Many believer’s, or even more specifically, “4-Point Calvinists” against the all-encompassing argument-spawning L in T.U.L.I.P. (i.e. Limited Atonement), seem to have many misunderstandings about what this means. Many I have talked to seem to presume that by using the term “Limited Atonement” we are somehow limiting the power of Christ’s blood to say that He could have only paid for the elect and not at all for the non-elect. This is not the case at all. This term is talking about the scope or range of the atonement, not it’s power, who Christ actually bought on the cross with His precious infinitely valuable blood, not the value of His blood to be able to carry out salvation for all. It would have taken just as much blood, excruciating physical pain, heartbreaking spiritual torment of the Father’s wrath to pay for one person’s sins as it would an infinite number of people. Our sin has eternal weight to it, eternal hell. There is no limit here on Christ’s atoning power. It is indeed without limit. Could Christ have saved every single person for all time with His blood? Absolutely! What does Scripture say though? I believe it’s very clear on this. Not all have been chosen undeservingly for salvation.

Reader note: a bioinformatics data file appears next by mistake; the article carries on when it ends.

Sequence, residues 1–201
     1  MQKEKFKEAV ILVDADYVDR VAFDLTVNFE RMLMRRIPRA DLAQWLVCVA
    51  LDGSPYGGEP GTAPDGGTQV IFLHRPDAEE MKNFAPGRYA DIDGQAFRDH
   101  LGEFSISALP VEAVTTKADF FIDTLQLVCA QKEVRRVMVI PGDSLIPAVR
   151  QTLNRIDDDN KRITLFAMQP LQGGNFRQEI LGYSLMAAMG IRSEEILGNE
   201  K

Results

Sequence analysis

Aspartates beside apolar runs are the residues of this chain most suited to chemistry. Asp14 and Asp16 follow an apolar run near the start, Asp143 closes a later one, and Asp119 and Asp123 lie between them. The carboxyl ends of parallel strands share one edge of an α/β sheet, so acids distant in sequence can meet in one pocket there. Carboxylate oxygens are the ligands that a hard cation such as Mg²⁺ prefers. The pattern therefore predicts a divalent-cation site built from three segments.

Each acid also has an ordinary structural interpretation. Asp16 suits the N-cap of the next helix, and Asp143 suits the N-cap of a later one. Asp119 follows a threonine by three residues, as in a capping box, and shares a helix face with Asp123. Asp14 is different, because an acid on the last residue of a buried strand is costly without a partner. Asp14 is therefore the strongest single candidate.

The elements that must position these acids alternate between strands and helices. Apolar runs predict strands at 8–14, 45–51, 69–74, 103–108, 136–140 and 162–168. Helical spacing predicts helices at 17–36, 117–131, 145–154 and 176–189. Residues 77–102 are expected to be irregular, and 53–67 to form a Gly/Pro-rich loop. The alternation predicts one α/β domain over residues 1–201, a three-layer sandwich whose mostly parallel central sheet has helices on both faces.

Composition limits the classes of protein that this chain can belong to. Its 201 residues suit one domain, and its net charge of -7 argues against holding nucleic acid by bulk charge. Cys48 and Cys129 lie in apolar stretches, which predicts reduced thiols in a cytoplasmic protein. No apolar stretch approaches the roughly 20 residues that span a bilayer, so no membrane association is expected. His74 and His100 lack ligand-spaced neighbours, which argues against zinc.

The question here is who did Christ die for? If you say He died for every person for all time, then your definition of the atonement will be totally different than if you say He only bought some, i.e. those the Father has given Him, the sheep (John 10, John 17). We must start and work our way through our other points to clearly understand why this is the case. First of all, if our statement concerning Total Depravity is true, then we are dead in our hearts, morally speaking, and do not desire God in any manner. Our condition prior to salvation is that we were blind, deaf, unable to come, and most importantly, totally unwilling to go to Him. This is Total Depravity, being that sin, as a result of the fall, has extended to every manner of our existence. Thoughts, motives, desires, physical aspects, you name it, nothing is out of its grasp and its effects. We are slaves to sin prior to conversion (Romans 8). If this is true, then it must be that an agent outside of ourselves must work in us to give us the eyes, ears and heart to be able to even see, understand, or even believe on Christ and what He’s done. This agent outside of us is the Holy Spirit. As Jesus states in John 3, we must be born again by His Spirit to see the kingdom of God, i.e. regenerated from our dead state to life to even be able to believe on Jesus for salvation. We will not believe apart from Him regenerating our hearts because all that man desires apart from this change is unrighteousness. This is Irresistible Grace, not that every influence of the Holy Spirit cannot be resisted, but that when God chooses, He can overcome all resistance in a persons life to save who He wants.